# Approach #1 
In [87]: %timeit (arr == np.arange(3,0,-1)[:,None]).T.astype(np.int8)
10000 loops, best of 3: 44.1 µs per loop

# Approach #2
In [88]: %timeit np.take(mapping, arr,axis=0)
10000 loops, best of 3: 73 µs per loop
1

Solution using list comprehension if you have range from 1 to 3:

>>> [([0,0,1] if x==1 else [0,1,0] if x==2 else [1,0,0]) for x in c]

[[0, 0, 1], [0, 0, 1], [0, 0, 1], [0, 0, 1], [0, 0, 1], [0, 0, 1], [0, 0, 1], [0, 0, 1], [0, 0, 1], [0, 0, 1], [0, 0, 1], [0, 0, 1], [0, 0, 1], [0, 0, 1], [0, 0, 1], [0, 0, 1], [0, 0, 1], [0, 0, 1], [0, 0, 1], [0, 0, 1], [0, 0, 1], [0, 0, 1], [0, 0, 1], [0, 0, 1], [0, 0, 1], [0, 0, 1], [0, 0, 1], [0, 0, 1], [0, 0, 1], [0, 0, 1], [0, 0, 1], [0, 0, 1], [0, 0, 1], [0, 0, 1], [0, 0, 1], [0, 0, 1], [0, 0, 1], [0, 0, 1], [0, 0, 1], [0, 0, 1], [0, 0, 1], [0, 0, 1], [0, 0, 1], [0, 0, 1], [0, 0, 1], [0, 0, 1], [0, 0, 1], [0, 0, 1], [0, 0, 1], [0, 0, 1], [0, 1, 0], [0, 1, 0], [0, 1, 0], [0, 1, 0], [0, 1, 0], [0, 1, 0], [0, 1, 0], [0, 1, 0], [0, 1, 0], [0, 1, 0], [0, 1, 0], [0, 1, 0], [0, 1, 0], [0, 1, 0], [0, 1, 0], [0, 1, 0], [0, 1, 0], [0, 1, 0], [0, 1, 0], [0, 1, 0], [0, 1, 0], [0, 1, 0], [0, 1, 0], [0, 1, 0], [0, 1, 0], [0, 1, 0], [0, 1, 0], [0, 1, 0], [0, 1, 0], [0, 1, 0], [0, 1, 0], [0, 1, 0], [0, 1, 0], [0, 1, 0], [0, 1, 0], [0, 1, 0], [0, 1, 0], [0, 1, 0], [0, 1, 0], [0, 1, 0], [0, 1, 0], [0, 1, 0], [0, 1, 0], [0, 1, 0], [0, 1, 0], [0, 1, 0], [0, 1, 0], [0, 1, 0], [0, 1, 0], [0, 1, 0], [1, 0, 0], [1, 0, 0], [1, 0, 0], [1, 0, 0], [1, 0, 0], [1, 0, 0], [1, 0, 0], [1, 0, 0], [1, 0, 0], [1, 0, 0], [1, 0, 0], [1, 0, 0], [1, 0, 0], [1, 0, 0], [1, 0, 0], [1, 0, 0], [1, 0, 0], [1, 0, 0], [1, 0, 0], [1, 0, 0], [1, 0, 0], [1, 0, 0], [1, 0, 0], [1, 0, 0], [1, 0, 0], [1, 0, 0], [1, 0, 0], [1, 0, 0], [1, 0, 0], [1, 0, 0], [1, 0, 0], [1, 0, 0], [1, 0, 0], [1, 0, 0], [1, 0, 0], [1, 0, 0], [1, 0, 0], [1, 0, 0], [1, 0, 0], [1, 0, 0], [1, 0, 0], [1, 0, 0], [1, 0, 0], [1, 0, 0], [1, 0, 0], [1, 0, 0], [1, 0, 0], [1, 0, 0], [1, 0, 0], [1, 0, 0]]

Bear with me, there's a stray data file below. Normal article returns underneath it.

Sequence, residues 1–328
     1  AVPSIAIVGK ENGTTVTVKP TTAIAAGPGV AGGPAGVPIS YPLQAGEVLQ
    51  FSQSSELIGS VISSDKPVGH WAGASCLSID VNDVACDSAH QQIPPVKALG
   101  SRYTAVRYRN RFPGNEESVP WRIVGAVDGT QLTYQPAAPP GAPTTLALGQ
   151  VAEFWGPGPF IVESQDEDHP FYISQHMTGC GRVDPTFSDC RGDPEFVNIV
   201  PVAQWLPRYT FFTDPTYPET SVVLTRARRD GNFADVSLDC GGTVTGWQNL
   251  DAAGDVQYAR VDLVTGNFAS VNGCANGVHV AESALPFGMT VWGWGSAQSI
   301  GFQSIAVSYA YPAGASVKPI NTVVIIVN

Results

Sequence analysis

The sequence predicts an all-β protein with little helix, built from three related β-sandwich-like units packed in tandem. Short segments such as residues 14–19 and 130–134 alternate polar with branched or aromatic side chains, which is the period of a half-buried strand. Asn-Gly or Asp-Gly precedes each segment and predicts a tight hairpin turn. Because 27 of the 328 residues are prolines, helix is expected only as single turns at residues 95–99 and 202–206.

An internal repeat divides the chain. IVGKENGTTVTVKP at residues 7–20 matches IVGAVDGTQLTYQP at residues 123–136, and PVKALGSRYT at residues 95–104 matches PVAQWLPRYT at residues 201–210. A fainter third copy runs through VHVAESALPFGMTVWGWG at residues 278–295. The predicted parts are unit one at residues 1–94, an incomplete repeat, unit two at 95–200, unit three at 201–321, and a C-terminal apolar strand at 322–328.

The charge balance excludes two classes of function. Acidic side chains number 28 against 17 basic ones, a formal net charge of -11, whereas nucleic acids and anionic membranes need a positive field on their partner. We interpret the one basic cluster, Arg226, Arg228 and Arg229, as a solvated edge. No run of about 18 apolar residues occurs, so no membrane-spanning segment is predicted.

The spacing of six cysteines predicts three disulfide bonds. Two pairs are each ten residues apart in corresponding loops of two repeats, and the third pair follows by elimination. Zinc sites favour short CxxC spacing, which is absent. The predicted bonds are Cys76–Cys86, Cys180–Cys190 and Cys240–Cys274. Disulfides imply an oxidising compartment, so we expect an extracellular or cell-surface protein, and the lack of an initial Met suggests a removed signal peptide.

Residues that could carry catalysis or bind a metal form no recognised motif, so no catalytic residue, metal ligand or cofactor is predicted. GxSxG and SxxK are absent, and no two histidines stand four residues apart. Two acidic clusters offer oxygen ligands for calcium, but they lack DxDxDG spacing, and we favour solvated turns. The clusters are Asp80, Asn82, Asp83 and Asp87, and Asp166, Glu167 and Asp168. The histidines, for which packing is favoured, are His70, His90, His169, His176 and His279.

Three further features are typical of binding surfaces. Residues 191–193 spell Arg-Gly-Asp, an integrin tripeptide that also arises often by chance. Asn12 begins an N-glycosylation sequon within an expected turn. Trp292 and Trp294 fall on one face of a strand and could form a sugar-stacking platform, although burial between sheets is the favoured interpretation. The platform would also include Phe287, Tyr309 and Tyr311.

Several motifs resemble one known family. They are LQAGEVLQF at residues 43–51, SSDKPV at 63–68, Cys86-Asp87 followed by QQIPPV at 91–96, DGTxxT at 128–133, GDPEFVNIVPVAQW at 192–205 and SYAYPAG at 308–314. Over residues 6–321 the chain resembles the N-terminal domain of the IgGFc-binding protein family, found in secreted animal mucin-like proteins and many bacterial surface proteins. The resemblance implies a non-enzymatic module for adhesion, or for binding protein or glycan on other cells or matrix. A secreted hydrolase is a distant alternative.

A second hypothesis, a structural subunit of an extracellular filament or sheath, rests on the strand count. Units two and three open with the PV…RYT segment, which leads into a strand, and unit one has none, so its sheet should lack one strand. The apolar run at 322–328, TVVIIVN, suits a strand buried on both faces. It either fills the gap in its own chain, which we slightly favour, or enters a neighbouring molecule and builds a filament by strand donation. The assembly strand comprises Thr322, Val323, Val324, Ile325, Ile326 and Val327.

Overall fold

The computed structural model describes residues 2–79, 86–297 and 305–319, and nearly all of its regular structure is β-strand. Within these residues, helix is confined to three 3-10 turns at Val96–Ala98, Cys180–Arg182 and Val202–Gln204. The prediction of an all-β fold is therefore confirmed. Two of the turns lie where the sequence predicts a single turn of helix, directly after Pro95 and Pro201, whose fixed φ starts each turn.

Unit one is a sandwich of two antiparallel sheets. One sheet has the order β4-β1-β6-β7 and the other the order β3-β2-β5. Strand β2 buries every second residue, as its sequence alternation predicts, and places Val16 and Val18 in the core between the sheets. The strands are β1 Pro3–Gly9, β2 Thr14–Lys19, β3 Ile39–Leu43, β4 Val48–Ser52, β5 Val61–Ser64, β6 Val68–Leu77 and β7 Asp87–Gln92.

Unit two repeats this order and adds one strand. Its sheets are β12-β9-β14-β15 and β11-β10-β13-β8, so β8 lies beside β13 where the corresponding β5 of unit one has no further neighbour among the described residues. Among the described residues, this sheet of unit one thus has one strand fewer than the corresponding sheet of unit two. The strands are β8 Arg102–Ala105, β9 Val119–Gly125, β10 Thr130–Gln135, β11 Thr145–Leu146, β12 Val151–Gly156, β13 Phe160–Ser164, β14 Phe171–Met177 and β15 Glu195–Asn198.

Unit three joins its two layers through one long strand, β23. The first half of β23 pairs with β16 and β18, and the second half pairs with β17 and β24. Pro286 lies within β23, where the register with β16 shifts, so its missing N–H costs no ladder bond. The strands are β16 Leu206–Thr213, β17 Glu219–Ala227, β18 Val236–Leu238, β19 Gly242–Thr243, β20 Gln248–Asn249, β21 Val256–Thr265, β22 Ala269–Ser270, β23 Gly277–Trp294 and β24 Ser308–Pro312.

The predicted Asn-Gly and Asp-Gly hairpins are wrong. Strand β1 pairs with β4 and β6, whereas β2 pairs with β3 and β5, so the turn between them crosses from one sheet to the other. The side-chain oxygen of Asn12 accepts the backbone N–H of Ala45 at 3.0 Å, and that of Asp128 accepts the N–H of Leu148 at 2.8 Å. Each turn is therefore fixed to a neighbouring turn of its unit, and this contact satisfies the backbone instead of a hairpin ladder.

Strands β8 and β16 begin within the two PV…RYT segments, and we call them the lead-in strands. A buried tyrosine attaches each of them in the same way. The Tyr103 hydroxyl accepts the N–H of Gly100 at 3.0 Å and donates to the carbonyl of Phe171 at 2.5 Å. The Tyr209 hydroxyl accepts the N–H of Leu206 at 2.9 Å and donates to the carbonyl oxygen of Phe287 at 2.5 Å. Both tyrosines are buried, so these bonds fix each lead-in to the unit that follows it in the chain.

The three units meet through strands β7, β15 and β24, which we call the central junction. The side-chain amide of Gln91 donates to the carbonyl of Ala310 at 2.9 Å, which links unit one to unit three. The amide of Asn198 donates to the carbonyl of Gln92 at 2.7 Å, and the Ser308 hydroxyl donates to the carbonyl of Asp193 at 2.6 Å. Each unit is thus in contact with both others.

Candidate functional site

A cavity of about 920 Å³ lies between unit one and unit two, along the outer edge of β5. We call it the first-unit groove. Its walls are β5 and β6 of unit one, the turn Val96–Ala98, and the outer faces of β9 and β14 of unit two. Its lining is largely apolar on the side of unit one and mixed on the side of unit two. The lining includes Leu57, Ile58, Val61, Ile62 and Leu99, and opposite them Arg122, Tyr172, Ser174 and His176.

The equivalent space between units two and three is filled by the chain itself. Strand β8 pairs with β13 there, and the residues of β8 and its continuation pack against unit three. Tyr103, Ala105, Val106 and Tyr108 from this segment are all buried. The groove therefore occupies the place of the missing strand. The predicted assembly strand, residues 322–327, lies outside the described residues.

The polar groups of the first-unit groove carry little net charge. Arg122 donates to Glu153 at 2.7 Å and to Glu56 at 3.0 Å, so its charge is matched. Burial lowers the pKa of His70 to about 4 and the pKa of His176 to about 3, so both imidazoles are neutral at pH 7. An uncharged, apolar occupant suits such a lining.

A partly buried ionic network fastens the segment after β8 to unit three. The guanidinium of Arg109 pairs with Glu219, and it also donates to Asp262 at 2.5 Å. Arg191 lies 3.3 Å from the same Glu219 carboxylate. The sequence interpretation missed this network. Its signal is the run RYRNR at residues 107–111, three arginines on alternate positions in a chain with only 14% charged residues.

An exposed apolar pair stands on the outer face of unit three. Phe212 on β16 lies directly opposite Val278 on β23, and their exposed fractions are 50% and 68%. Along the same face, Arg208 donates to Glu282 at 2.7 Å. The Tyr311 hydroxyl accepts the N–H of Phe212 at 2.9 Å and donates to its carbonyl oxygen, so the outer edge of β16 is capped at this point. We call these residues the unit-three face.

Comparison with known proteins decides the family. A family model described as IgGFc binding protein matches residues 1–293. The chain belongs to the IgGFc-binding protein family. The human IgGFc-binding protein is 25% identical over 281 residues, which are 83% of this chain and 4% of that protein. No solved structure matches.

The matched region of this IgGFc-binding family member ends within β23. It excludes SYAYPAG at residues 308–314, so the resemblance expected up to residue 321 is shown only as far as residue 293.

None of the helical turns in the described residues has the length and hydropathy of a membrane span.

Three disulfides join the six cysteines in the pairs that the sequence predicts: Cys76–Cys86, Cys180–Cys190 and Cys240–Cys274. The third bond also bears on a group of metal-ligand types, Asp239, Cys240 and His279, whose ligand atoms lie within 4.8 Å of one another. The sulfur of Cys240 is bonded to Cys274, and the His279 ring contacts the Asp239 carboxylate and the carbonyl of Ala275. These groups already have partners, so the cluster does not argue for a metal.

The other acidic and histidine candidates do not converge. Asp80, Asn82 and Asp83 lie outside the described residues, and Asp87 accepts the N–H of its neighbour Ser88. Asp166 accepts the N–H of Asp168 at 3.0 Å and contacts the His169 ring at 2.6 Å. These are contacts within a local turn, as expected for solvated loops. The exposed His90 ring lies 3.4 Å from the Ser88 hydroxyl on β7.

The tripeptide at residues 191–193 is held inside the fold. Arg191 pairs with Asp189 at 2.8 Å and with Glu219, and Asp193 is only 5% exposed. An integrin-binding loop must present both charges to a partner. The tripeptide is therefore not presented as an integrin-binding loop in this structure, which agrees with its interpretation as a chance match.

This is more pythonic and fast.